Tens of thousands of protesters chanting ‘Russia Will be Free’ rallied in Moscow on Tuesday against President Vladimir Putin’s third term despite a police crackdown on their leaders a day earlier.
Flag-waving crowds made their way down leafy boulevards from Moscow’s central Pushkin Square as the march began with police putting the numbers at around 18,000.
City authorities have greatly played down previous protest figures. Opposition leader Sergei Udaltsov put the turnout at over 100,000, although AFP reporters on the ground said the figure was more in the tens of thousands.
Some shouted slogans such as ‘Russia without Putin’ and held up whimsical protest symbols that have defined the light-hearted mood of historic protests which gripped Moscow this winter.
Almost all the main leaders of the social network driven protest were absent as they were being questioned by investigators, who hauled them in in an apparent bid to disrupt the march.
It was the first mass rally after the ruling party rammed through legislation raising penalties for offences by protesters to 300,000 rubles ($9,000) — about the size of Russians’ average annual pay.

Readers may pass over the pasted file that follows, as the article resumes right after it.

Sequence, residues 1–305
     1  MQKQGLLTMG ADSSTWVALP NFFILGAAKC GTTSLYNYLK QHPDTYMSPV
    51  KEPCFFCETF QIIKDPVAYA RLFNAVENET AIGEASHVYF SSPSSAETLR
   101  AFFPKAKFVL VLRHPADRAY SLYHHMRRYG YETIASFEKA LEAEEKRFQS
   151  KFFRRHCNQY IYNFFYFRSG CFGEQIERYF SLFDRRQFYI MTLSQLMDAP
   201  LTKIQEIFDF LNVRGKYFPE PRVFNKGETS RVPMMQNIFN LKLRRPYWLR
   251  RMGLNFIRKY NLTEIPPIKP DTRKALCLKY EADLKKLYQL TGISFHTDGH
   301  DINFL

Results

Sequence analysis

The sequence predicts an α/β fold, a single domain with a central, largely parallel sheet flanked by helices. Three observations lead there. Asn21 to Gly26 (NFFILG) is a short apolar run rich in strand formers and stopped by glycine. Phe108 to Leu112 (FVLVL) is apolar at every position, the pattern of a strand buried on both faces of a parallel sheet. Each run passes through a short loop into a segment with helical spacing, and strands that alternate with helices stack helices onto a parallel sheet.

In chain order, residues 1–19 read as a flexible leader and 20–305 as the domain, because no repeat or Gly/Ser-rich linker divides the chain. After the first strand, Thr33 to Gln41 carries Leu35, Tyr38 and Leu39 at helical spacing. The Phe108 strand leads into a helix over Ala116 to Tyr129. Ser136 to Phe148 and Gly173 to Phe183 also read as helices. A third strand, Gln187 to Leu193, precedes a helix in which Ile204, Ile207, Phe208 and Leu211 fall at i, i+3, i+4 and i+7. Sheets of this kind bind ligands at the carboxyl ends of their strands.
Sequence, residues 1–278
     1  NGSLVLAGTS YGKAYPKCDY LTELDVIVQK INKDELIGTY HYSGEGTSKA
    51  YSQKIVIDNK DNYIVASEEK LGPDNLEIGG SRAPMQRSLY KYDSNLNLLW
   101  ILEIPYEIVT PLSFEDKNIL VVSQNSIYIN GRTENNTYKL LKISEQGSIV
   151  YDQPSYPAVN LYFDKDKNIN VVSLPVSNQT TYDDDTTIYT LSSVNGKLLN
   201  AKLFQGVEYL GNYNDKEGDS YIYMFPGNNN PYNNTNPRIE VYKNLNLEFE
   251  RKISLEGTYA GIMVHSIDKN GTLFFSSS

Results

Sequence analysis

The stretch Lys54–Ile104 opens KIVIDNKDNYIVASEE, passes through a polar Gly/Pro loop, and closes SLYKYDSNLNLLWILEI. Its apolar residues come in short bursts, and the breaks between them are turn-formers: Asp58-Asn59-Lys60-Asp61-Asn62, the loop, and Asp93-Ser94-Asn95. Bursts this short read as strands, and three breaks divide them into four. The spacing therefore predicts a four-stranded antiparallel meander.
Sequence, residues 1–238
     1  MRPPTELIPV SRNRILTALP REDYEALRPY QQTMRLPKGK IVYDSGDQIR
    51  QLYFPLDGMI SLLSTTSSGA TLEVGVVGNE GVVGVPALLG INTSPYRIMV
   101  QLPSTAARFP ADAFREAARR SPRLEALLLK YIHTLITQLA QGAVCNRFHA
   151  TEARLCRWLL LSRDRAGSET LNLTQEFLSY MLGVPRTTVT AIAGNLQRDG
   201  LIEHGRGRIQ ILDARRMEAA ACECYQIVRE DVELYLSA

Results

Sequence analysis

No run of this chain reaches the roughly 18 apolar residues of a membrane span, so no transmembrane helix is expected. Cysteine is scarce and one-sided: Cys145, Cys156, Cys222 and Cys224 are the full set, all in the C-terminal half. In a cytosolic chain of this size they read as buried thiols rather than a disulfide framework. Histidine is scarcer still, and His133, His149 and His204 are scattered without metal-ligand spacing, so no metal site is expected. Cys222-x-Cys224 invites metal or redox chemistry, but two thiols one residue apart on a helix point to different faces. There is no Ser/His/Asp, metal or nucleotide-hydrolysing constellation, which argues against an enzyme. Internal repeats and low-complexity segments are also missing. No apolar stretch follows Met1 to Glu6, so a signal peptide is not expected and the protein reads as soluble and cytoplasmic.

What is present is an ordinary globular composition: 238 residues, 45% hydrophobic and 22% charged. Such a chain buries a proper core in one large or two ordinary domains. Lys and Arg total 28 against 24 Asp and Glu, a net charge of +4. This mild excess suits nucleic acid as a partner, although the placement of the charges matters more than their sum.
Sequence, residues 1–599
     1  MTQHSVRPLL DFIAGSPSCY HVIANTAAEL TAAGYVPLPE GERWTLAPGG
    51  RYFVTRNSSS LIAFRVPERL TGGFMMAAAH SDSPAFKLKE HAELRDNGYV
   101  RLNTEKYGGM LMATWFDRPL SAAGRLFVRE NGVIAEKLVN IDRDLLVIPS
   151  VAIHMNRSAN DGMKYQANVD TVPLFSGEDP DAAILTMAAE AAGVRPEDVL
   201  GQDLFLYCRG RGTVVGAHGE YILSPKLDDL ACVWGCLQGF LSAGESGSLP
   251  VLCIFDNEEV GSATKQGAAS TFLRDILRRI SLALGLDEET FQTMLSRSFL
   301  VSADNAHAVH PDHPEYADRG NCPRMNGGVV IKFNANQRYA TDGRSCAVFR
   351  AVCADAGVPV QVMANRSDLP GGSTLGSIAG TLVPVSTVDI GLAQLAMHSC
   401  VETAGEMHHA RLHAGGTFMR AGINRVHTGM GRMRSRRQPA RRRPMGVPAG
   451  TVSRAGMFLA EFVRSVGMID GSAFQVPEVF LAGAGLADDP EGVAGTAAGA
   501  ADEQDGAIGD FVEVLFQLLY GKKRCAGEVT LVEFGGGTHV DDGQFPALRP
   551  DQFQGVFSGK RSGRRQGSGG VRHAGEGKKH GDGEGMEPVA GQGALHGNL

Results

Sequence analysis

The sanctioned march, to be followed by a rally, came a day after masked officers carried out early morning raids on the protest leaders’ apartments as part of a criminal probe into violence at an earlier protest.
Putin, however, vowed never to bow in the face of social upheaval. He used a speech honouring Russia’s post-Soviet independence day to allude gravely to the turmoil now shaking some countries that he vowed to defend firmly against.
“We cannot tolerate decisions and actions capable of leading to social and economic shocks,” Putin said. “We cannot accept anything that weakens our country or divides society.”